In his mid 20’s, an apprenticeship would not pay the bills, so he worked construction during the day and spent his nights at the shop. His time spent as an apprentice would not qualify as the norm.  He did not have to run the gambit of tasks, ranging from sweeping floors and emptying trash cans to countless hours watching other artist tattoo. Instead, his time was spent drawing for walk-in customers that needed quick pieces. Being an illustrator would give him a leg up as he fit the mold perfectly. He still worked the front desk and emptied trash cans but he mostly dove headfirst into his artwork. He would perch himself like a hawk for hours on a small stool and watch the owner and his mentor, Steve, tattoo clients. He also religiously carried a notebook and frequently wrote down as many notes as possible from session to session. He had truly become a student to the ways.

Even today with 14 years of experience he still likes to view himself as a student. Over seven months as an apprentice he felt as if he were taking advantage of his mentor. His experience was not what he had expected; he did not have to pay fees and was treated as an equal. Feeling as if he had to return the favor for his teacher, Lou one weekend secretly remodeled the shop while Steve was on vacation. Lou can still recall his mentor telling him that that was the only time another man made him cry.
After four months of apprenticeship and walking the line, setting up stations, breaking down stations, learning equipment and tattooing pigskin, he was ready to take on his first tattoos. His first few were basic line tattoos given to friends who were willing to allow an amateur with little experience to permanently ink their body. Lou quickly found out that his friends would come out of the woodwork; to Lou, though, it was a chance for more practice to further his craft. After his initial few attempts he quickly progressed

Over the last fourteen years in the business, he has learned how to weather the storm, and how to ride the tattoo wave of success. Anyone that has spent five minutes in the city of Albuquerque will notice there is just about one tattoo shop or barbershop on every corner, making the competition beyond fierce. Lou realized early in the profession that in order to make it in this city he would have to not only get his customers in the door but keep them coming back. He also made it a habit to stay away from the seasonal specials and focus on the long-term clients. In his own words, “cheap tattoos aren’t good and good tattoos aren’t cheap.” He feels like the industry is heading out of that slump.

One of the many things that stuck with Lou from his days as an apprentice is the love for the art of tattooing and its culture. He learned early on not to just drink from the well that others have dug, but to learn its history, and past while continually refilling that well. Like any good teacher does for his apprentice Lou’s mentor always made sure to reference other artists from the Lieu family to Julie Moon. He would be eager to explain their artwork, and style. He wanted Lou to have an appreciation for the history along with the possibilities. Speaking with Lou, he has obviously studied the craft and recognizes that “the culture has shifted. 90 percent of the tattoo shops today do not look like shops but more like art galleries. There’s comfortable couches, it smells nice, there’s palatable music playing. It was something that was consciously done because there’s only so many, bikers and sailors to get tattoos. So the acceptance of tattoos has been very lucrative for many artists.”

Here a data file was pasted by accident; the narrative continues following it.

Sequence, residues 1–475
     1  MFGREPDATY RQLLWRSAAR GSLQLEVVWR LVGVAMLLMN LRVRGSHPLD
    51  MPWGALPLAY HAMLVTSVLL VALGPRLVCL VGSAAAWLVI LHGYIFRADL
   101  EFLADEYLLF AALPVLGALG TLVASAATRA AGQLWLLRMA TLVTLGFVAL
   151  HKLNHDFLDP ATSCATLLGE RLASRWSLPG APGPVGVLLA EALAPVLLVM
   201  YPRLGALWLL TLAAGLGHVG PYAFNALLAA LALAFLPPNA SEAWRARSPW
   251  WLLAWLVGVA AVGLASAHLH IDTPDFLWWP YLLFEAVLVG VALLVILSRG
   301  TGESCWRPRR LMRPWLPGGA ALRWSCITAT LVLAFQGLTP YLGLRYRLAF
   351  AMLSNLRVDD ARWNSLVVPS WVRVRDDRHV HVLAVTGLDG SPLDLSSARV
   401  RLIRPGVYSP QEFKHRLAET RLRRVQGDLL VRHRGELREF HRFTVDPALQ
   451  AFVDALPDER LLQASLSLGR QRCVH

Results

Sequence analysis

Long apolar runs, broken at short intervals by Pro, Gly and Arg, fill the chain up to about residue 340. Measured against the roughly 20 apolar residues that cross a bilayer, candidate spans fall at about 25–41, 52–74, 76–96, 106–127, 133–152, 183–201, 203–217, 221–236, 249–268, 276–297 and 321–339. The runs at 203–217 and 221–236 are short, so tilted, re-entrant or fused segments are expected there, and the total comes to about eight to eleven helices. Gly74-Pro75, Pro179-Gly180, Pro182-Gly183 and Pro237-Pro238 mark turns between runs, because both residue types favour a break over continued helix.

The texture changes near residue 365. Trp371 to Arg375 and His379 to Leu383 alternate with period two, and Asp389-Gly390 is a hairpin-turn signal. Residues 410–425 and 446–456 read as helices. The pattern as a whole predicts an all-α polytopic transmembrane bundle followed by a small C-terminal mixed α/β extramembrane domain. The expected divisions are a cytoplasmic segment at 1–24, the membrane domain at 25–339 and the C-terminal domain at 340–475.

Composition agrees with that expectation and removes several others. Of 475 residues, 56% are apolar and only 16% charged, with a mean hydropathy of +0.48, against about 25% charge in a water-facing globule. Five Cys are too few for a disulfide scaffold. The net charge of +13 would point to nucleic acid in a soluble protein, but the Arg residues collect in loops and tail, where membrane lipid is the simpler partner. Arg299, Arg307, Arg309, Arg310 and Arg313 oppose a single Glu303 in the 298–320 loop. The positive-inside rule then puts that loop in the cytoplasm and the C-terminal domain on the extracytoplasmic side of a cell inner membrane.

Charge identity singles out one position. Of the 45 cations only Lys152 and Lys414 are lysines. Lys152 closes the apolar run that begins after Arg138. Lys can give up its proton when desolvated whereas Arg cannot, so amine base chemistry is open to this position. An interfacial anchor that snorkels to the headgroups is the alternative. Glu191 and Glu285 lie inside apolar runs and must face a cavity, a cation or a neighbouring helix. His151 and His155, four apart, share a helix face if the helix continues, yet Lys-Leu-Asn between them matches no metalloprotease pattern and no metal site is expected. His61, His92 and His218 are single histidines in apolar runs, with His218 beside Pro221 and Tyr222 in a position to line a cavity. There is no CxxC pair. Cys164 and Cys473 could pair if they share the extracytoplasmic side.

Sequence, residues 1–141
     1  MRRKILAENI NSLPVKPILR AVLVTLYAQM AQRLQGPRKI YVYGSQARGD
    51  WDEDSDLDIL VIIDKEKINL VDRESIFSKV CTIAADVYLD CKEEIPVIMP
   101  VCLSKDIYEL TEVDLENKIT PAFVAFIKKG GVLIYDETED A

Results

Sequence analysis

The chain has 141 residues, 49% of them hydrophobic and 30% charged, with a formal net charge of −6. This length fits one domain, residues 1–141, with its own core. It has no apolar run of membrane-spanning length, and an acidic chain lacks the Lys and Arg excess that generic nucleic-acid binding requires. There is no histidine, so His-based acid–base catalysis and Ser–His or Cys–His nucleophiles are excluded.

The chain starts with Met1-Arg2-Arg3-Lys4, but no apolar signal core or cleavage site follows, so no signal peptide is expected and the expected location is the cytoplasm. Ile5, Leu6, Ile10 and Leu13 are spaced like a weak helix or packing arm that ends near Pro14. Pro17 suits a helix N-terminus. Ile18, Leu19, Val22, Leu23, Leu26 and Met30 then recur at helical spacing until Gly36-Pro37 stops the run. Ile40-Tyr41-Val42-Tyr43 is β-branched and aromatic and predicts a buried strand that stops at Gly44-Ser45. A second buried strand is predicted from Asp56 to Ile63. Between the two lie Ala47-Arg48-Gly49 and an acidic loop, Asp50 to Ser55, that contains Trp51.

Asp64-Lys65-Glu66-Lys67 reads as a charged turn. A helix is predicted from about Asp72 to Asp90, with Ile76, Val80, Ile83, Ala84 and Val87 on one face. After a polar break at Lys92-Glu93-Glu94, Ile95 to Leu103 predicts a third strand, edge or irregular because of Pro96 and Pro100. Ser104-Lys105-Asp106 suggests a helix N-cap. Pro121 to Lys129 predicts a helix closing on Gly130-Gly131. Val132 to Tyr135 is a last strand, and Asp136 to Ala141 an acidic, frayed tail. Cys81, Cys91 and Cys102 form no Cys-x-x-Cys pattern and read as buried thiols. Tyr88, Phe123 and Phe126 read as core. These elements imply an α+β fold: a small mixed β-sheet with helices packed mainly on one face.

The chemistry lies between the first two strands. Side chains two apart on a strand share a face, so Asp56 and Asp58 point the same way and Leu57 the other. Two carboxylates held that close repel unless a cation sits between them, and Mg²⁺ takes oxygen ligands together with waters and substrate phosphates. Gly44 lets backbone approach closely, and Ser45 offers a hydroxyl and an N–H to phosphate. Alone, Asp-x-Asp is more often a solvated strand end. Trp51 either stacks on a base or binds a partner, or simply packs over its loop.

Lou is also quick to point out that many of his clients today run the gamut of professions and are from all different backgrounds, from Intel workers to soccer moms.  Because of his vast clientele, his artistic mediums have also grown and have allowed him to study and create other art forms outside of tattooing. Like an obsessive mad scientist, if he is not at the shop, he is at home in a dark art room with one light focused on his desk, often with a cigarette hanging from his mouth, while hovering over his latest canvas in a trance-like state. To Lou, tattooing is not a job but a calling. He is not in it to make a quick buck, for those days are gone. Instead, he continues tattooing because he is still hungry. He is also somewhat unsatisfied with every piece of art he starts often finding an avenue to make it better or different.

Over the last fifteen years as an artist, Lou has worked in a few different local shops under a handful of like minded artists like Chris Partain and Jason Ward. Lou was a co-owner of a shop for a few years and he still travels back to Massachusetts to guest tattoo at his old shop Mass Ink. Over the years, he has also learned to be very observant and to never force anything. He is happy with the profession and the role he has played in it. When asked what advice he would give to any new artist he points out, “Never get comfortable in this profession. Stay hungry and continue to improve your skills, never rest on your laurels.” which is sound advice for anyone that wants to excel in what they do.

 

As I wrap up the interview with Lou, I can’t help but to look at my own arms, covered with tattoos. Most have faded over the years and I realize that perhaps we were part of a generation, a time, when having tattoos made you feel punk rock. Today, however, it makes us more common than ever and that envelope of being rebellious was pushed long ago. 14 years ago, when I started my first sleeve, I would often get frustrated when people would ask me what my tattoos meant and if I would like them when I was older. To be honest, I wasn’t sure if I would, but that was part of the fun, and the more tattoos I acquired, the less serious I would take getting them. Now as I gaze at them, I can appreciate the tiger on my forearm like my grandfather, or a Misfit’s skull like so many other punk rockers. Perhaps, initially, I was too young to appreciate the culture and its history. As I look back over the years, I realize my tattoos do mean something now; they’re a great story, a timeline in my life, well worth the addiction and the pain.